There’s a couple of things that probably warrant further explanation on the above diagram. Firstly you can see that some of the lines going to and from the instruction relays don’t run a direct route and stop off at various points. This is where future instruction relays will be placed and they’ll also be interested in the same lines hence the diagram above shows where the wires will actually go when the cards are constructed. There’s also an appearance of the additional diodes in the select register A and load register A lines on the second card. These prevent feed back on these lines as mentioned in my last post but the position of the diodes is again placed to work around future relays.

As with other cards I’ll want a line of LEDs down the front of each card to display what’s going on within. Firstly for the W1 card on the left followed by the W2 card on the right we have:

Control W1 Card LEDs
Control W1 Card LEDs (larger)
Control W2 Card LEDs
Control W2 Card LEDs (larger)

The W1 card LEDs show the ABT08 line status and that of the I2B line raised by the SETAB instruction. This is then followed by the three bits of the ALU function code raised by the ALU instruction. The W2 card LEDs show the load and select lines of registers A through to D variously operated by all three instructions. This is the followed by the condition register load line raised by the ALU instruction.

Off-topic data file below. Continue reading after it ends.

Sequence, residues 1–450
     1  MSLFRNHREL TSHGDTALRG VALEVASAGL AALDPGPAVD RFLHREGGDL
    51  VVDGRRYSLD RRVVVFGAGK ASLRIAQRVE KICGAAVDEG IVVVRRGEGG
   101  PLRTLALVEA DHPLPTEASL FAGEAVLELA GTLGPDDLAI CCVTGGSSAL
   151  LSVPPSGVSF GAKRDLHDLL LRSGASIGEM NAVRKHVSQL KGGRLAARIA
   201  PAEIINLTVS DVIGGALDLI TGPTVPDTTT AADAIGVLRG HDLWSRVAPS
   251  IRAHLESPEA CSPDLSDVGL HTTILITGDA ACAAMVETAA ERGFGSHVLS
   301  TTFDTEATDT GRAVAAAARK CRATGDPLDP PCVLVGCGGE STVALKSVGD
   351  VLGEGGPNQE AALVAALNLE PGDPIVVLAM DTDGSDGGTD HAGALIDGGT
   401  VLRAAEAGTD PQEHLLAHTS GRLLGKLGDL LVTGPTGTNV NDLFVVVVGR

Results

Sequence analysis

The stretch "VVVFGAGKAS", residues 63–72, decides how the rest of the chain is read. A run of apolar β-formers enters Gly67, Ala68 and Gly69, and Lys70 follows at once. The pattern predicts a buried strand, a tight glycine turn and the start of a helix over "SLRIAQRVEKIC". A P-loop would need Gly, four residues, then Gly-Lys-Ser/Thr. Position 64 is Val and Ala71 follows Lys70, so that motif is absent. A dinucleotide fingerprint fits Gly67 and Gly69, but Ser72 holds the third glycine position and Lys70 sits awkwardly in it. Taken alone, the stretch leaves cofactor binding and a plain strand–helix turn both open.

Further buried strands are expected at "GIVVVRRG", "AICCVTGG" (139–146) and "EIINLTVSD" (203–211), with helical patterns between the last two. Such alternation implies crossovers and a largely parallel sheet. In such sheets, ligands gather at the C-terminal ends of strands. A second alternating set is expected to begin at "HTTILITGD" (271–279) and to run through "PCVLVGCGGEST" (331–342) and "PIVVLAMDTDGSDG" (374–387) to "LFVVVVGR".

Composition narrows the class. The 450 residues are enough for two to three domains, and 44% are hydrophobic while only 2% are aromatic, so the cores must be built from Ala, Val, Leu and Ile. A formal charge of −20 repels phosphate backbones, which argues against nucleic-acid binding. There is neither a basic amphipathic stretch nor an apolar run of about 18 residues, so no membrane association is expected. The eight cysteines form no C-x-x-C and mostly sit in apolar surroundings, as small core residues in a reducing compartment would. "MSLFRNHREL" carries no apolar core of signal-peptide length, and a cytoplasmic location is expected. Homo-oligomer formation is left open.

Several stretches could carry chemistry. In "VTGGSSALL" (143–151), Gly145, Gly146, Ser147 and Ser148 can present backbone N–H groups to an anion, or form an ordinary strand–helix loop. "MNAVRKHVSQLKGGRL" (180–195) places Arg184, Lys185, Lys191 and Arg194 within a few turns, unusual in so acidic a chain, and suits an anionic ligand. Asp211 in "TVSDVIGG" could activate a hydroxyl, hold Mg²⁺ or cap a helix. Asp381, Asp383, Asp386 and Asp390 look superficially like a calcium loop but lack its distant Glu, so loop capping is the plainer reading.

Adding the indicators above to the cards along with the power supply lines (which are soldered to the back of the card) we arrive at the final design as follows:

Final Control Cards Design
Final Control Cards Design (larger)

As always should you wish to take a much closer look at this design you can find the above here in PDF format.

Before I wrap up this post there’s one extra bit to sort out. The SETAB instruction needs a set of relays to gate the lower bits of the instruction bus on to the data bus. These relays can’t be placed on the control cards as both the instruction and data busses are required so instead they can live on the instruction register. With these added I2B relays the instruction register design now looks like this:

Update Instruction Register design including I2B relays
Update Instruction Register design including I2B relays (larger)

In the above diagram I’ve faded out the existing instruction register relays and wiring to highlight the new I2B relays added. There’s also the full version of the revised instruction register design available as here in PDF format.

… and that’s the control card design complete for the MOV-8, ALU and SETAB instructions. This now joins the designs for the instruction register, instruction decoder and sequencer (including FSM and pulse distribution). The last job now is to add a few more items to the front switch control card and the two display cards to reflect the functionality I’ve added in this batch of cards and then it’ll be on to construction. Once I’ve built all the cards above I’ll be able to manually load an instruction into the register and then watch it be executed as I manually operate the clock line. The good news from there is that I only need to add the clock card to get to the next level towards having a fully working computer.

Published Apr 04, 2015